Sun Dawu, chief executive of Hebei Dawu Farming and Stock Breeding Group in China‘s Hebei province, despised currying favors from local government leaders or bribing local bank loan officers to get financing for his business. Barring help from “government entrepreneurs,’ he had to resort to a form of financing that cost his business more: He turned to nearby villagers for help and set up individual loan contracts. Even with that, he wasn’t able to stay clear of misfortune. As a county people’s congress representative, he was a “government entrepreneur.’ That allowed him to tap funding from local residents with implicit consent from local governments. As soon as he was no longer in that position, he was immediately arrested for “illegally taking savings from the public.’
The studies of companies under the framework of New Classical Economics assume that businesses don’t have any problem getting access to capital, Zhang said in his paper. Businesses operating under such a framework are considered “new-classical enterprises,’ and their owners, in the case of Sun Dawu, a “neo classical entrepreneur,’ Zhang says. “I would rather shell out more money than engage in bribery; I will bargain righteously instead of seeking unfair advantage,’ Sun Dawu was known as saying. Unfortunately, such an ideal market place won’t exist in China until the country establishes a healthy private financing system, Zhang says.
Sun Dawu could have significantly lowered his cost of borrowing if he had obtained a lump-sum loan from a bank instead of wasting his time looking for villagers and signing multiple individual loan contracts, each in small amounts. His moral high ground resulted eventually in his own arrest. The cost to his own business was inestimable. Against the background of financial discrimination facing private businesses, the involvement of government entrepreneurs in private business financing may be a necessary evil, Professor Zhang concludes.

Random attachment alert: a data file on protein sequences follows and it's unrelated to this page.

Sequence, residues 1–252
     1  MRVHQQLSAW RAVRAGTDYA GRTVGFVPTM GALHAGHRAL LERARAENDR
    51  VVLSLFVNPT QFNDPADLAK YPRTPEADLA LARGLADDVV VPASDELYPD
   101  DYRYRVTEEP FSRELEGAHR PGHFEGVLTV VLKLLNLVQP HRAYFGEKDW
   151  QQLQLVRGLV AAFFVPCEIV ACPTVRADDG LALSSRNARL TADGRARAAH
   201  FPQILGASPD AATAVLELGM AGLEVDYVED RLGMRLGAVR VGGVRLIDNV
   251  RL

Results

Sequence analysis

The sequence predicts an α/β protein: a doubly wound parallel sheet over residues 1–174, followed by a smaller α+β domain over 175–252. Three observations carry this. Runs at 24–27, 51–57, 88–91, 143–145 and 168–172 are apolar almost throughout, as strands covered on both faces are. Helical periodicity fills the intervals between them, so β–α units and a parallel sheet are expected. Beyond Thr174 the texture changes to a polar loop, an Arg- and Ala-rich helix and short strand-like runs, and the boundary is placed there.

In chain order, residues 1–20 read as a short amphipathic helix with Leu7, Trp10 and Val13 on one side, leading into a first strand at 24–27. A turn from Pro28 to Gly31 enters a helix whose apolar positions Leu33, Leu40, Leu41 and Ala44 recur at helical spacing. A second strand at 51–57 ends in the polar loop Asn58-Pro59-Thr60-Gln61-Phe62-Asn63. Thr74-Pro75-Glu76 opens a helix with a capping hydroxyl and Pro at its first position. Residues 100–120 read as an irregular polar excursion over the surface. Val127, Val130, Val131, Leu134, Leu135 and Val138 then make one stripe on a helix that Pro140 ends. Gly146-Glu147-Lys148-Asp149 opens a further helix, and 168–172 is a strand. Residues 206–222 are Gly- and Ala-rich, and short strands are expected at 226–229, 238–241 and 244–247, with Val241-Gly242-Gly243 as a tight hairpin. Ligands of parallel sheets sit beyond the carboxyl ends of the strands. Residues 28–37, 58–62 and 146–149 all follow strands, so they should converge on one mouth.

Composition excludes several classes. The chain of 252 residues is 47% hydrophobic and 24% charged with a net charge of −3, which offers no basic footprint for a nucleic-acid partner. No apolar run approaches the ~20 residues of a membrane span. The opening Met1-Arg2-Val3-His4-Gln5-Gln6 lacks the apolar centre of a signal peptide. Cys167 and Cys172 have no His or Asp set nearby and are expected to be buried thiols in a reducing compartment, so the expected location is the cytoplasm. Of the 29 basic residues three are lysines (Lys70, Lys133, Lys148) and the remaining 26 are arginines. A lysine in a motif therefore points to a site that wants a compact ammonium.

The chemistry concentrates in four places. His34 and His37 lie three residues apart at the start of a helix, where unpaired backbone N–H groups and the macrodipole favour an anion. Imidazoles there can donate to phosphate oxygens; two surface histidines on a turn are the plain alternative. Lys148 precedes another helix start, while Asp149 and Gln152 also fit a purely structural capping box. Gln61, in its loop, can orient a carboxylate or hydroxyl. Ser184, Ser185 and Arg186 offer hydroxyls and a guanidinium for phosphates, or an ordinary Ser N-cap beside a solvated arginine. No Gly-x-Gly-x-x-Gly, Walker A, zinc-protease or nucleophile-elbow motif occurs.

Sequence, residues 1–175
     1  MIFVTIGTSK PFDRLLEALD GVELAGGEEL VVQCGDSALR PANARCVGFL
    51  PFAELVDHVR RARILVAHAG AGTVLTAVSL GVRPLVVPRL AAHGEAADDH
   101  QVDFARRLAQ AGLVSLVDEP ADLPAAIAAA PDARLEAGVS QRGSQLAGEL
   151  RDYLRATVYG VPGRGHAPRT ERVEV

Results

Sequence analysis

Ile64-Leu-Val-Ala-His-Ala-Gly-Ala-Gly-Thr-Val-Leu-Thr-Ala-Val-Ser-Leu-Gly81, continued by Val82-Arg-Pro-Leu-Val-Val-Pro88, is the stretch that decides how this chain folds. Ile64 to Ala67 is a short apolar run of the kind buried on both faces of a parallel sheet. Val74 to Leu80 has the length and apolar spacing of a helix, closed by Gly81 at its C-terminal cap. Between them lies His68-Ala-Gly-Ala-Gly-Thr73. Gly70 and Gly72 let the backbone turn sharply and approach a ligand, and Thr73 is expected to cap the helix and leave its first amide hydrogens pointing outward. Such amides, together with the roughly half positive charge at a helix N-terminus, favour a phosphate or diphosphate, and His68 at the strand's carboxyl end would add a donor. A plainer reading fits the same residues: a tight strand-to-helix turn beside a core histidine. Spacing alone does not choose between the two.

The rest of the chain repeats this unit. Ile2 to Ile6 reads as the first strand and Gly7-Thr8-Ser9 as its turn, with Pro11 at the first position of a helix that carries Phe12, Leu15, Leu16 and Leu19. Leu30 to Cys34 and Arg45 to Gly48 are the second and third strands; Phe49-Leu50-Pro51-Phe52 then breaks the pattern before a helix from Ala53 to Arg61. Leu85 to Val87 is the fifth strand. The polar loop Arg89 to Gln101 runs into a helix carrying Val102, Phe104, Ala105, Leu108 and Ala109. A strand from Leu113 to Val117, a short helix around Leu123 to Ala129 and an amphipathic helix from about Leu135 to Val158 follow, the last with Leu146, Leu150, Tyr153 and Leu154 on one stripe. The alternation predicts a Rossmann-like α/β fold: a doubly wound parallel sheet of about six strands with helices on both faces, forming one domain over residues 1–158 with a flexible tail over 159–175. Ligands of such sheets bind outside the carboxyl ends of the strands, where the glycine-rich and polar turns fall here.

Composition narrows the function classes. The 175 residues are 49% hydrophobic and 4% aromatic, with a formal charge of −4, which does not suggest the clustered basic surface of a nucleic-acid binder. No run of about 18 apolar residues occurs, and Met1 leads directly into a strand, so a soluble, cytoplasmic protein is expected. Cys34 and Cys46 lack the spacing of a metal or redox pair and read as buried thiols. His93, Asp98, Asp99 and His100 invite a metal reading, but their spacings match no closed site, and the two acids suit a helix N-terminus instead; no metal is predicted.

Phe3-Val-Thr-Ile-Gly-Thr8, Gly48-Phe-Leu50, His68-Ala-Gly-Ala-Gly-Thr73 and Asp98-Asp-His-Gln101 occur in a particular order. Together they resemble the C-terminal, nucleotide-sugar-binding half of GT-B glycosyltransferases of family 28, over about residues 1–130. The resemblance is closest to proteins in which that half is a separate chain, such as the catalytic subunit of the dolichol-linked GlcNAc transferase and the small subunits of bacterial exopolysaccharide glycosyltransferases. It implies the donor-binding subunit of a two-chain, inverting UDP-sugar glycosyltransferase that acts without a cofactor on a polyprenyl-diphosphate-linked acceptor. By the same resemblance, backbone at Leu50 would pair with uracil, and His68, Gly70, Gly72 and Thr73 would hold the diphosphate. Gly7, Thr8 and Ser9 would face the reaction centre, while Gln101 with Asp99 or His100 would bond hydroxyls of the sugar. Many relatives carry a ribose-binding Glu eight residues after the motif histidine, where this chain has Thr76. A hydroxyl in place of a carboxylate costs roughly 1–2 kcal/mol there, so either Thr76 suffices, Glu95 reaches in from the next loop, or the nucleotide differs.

Zhang also points out Sun Dawu‘s former position as county people’s congress representative and how that role gave him implicit government permission to raise funds through villagers’ personal savings. As soon as he was no longer in that position, his financing measure was immediately labeled illegal. That led to Zhang’s third conclusion: It’s advantageous to the growth of a company if its private owner also holds a government post during the current economic transition.
Case Two: Negative Impact of “Government Entrepreneurs’
If the example of Sun Dawu illustrates why private business owners obtain financing through the help of those in the government, the other case study about Hongzhi Keji reveals its problems.
Hongzhi is a private technology company based in China‘s Fujian province. Original company shareholders, such as Wang Dong, who were eager to raise funds to list company shares on the stock market, invited several key provincial government officials, including Li Shaolin, to join the company board. Unfortunately, Li was not interested in the growth of the company. He and other officials used “tunneling behaviors’ — such as share transfer, dilution and insider trading — to increase their stakes in the company. With the majority stake, they froze the stake of original shareholders and arbitrarily impeached high-level management. These series of behaviors crippled the company’s operation and led to huge business losses.
Zhang applied outside research on “tunneling’ theory to the Chinese economic context. Lacking the existence of a healthy market system, developing countries rely many times on non-market forces for asset allocation. That often leads to corruption and government officials using their political powers for personal gains, resulting in increased occurrences of “tunneling.’
Zhang reached his second conclusion from Hongzhi’s case. Government entrepreneurs who become company shareholders will minimize the application of private entrepreneurial talent. Wang Dong and his partners didn’t have as many motivations to grow the company after they were forced to give up for free a percentage of their ownership stake and other rewards to Li Shaolin and the other officials. Meanwhile, Li and others exercised their shareholder powers at will and impeached top company management for no reason. That also led to the reduction of the full use of entrepreneurial talent.
Hongzhi’s case also proved Zhang’s point that the more financing private business owners gets from government entrepreneurs, the more control of the businesses they have to give up. Hongzhi’s ownership stake was split three ways among original shareholders, such as government officials like Li Shaolin, and tradable stock shareholders, each of whom held 31.18%, 32.46%, and 36.36% separately. Li Shaolin and other officials had an even higher stake of the company than did original owners like Wang Dong.
These points, according to Zhang, are warning signals for China‘s current financing system. If the financing structure isn’t revamped, legal control of corruption will achieve little to solving the problem. Only through regulating and developing a complete system of private financing will business owners have normal access to capital.